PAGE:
What You Need To Know Before You Adopt a Pet


If you’ve decided that you want to adopt a shelter pet, you’re about to embark on a journey that will save one life and enrich your own. Euthanasia rates at county shelters around the country are incredibly high, so you may be on the brink of adopting your new friend just in time. Call it sentimental, but there’s a certain special loyalty and gratefulness in rescued animals, as if they knew you were saving them. But before you head down to your local animal shelter to adopt a pet, check out these lesser-known facts and tips to help guide you through the process.

Choosing a Pet

You probably already know whether you want a cat or a dog, so what is the best way to go about finding your furry friend? Visiting shelters can be an extremely emotional experience, and you may end up adopting a pet that isn’t right for you simply out of sympathy. It’s important to find the animal that’s going to be the right fit for your home and family, so it’s best to do a little research before you head down to the shelter.

Many people don’t realize that county shelters now do a great job of advertising facts and histories of as many individual animals as possible, using their own websites or sites like Adopt-a-Pet.com. Online, you can peruse pictures of each animal, learn about their personalities, and even get to know such facts as whether or not they’re housebroken, get along with other animals and children or may set off your allergies. Taking the time to look at different animals online can help you narrow down your options to just a few pets that you’d like to meet in person. Also, many shelters place animals in foster homes, and these pets are only viewable online.

Bringing Your New Pet Home

It can be hard to get a true sense of an animal’s personality from visits to the shelter. Shelter pets are often scared, nervous or over-energetic due to lack of exercise. A dog that seems hyper at the shelter may actually be cool as a cucumber once it gets some regular walks, and a cat that seems extremely shy might be much more outgoing in the safety of your home. It’s a little-known fact that most shelters give you and the animal a trial period together, and will provide a refund if you aren’t a good fit. Shelters may actually request that if you have another pet at home, you bring him or her in to the shelter for a “meet and greet” with your prospective new pet.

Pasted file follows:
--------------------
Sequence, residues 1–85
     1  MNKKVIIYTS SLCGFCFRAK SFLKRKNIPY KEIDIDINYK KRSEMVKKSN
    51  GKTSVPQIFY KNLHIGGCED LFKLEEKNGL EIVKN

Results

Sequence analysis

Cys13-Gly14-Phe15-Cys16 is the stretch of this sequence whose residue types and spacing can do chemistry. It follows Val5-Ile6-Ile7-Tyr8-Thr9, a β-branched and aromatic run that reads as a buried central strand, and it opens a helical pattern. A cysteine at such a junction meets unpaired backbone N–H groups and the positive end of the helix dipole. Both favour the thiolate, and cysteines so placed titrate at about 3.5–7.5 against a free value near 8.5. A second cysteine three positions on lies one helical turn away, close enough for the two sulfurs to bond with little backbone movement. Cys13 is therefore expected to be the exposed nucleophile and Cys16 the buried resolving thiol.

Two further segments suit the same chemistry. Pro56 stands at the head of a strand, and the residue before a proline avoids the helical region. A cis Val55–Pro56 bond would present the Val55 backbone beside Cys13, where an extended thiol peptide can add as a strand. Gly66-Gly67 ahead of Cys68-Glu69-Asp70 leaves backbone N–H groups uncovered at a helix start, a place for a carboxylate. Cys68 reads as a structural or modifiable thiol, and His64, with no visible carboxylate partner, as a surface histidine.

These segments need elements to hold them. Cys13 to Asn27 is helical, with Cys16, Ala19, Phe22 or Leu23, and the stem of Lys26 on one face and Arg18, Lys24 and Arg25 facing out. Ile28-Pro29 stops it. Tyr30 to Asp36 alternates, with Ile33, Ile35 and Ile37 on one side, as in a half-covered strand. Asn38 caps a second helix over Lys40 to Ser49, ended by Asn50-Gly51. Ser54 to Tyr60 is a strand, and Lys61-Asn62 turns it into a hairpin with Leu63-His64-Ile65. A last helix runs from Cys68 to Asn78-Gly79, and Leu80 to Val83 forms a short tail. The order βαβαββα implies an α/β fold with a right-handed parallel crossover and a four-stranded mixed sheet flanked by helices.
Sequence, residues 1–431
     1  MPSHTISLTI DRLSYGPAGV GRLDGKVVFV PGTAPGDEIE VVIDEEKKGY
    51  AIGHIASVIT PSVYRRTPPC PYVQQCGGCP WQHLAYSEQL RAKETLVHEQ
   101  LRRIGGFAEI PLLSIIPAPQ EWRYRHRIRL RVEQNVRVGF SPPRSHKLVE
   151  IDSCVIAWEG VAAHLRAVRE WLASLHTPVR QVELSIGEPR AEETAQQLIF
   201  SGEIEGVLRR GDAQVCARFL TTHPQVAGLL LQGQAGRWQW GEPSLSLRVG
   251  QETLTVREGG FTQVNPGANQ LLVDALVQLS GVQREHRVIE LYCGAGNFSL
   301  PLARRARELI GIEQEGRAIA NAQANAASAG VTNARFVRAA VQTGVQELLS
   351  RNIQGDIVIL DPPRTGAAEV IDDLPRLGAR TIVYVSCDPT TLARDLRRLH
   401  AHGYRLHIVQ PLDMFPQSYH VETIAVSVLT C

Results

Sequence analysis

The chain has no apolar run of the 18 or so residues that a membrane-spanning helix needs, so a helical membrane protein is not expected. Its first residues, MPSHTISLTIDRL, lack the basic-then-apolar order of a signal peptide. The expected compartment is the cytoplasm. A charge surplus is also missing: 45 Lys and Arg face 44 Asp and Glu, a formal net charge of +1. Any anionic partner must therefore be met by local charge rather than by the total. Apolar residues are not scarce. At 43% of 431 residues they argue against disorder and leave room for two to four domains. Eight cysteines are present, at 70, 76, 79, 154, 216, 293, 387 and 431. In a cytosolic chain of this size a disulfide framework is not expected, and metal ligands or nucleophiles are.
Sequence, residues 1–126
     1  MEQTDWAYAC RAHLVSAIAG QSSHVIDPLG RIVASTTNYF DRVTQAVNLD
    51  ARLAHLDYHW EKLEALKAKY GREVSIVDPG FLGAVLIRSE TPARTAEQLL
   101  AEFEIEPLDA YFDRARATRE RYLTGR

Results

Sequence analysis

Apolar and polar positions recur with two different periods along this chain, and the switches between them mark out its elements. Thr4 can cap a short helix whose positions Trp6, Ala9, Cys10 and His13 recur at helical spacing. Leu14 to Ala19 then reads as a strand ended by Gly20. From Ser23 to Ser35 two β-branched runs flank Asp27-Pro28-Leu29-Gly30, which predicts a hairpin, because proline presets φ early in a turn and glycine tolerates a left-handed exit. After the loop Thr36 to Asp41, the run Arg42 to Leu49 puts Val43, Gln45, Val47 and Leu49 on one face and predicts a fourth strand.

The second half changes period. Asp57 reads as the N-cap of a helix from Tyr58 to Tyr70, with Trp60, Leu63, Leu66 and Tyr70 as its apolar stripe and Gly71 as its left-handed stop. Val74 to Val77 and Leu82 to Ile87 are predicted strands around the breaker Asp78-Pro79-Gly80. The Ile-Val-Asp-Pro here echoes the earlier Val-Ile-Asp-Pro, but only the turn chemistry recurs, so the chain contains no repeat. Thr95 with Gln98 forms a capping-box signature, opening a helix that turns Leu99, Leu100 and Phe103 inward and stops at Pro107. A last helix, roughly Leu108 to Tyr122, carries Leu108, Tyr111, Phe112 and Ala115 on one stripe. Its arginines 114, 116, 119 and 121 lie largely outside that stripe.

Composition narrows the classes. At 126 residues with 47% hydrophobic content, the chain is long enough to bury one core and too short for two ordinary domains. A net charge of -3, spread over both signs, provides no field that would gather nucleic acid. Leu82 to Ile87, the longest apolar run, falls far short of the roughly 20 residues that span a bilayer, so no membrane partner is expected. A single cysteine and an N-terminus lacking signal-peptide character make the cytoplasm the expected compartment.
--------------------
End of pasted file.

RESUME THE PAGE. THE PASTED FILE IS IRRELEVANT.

Once you decide that you’d like to keep your rescue pet for good, be patient while it assimilates into its new environment. You should prepare yourself and your home for some mishaps while the dog or cat adjusts, especially when it’s time to leave the animal alone for the first time. Help the animal by providing lots of chew or scratch toys as an alternative to taking out their energy on your possessions, but don’t be discouraged if accidents or minor unwanted destruction occurs.

Another way to help your new friend integrate into your life is to be clear about the rules of the house from the first moment it walks through the door. It’s natural to want to coddle or pamper a new pet, allowing it to beg at the table or climb on counters or furniture because you want it to be happy. Granting a new pet these liberties will only make it more difficult to teach it the real rules later, and this might be confusing for your new buddy.

Your Pet’s Health

Many shelters will have your pet’s vaccinations up to date, but make sure to check before taking your pet home. This could save you some money on your pet’s first shots. Either way, it is a good idea to establish with a veterinarian close by within the first month of adoption.


Exotic Pets Available for Adoption 

Not ready for the full-time commitment of a large pet? You may not realize it, but most shelters also harbor smaller animals such as ferrets, rabbits, chinchillas and guinea pigs. Many of these small pets are surrendered by owners who get tired of them, or can no longer afford their care. They need new homes just as desperately as dogs and cats, and make wonderful pets for kids learning the responsibilities of animal care, or for people who are allergic to dog and cat hair. These pets also have different requirements, so be aware of what you’re getting and don’t just adopt one on a whim.
Take this advice into account when choosing your next shelter pet. These small pieces of advice can make the transition of pet adoption a smooth and gratifying one.
Alex Faubel enjoys writing about topics related to business and technology in career-focused education programs.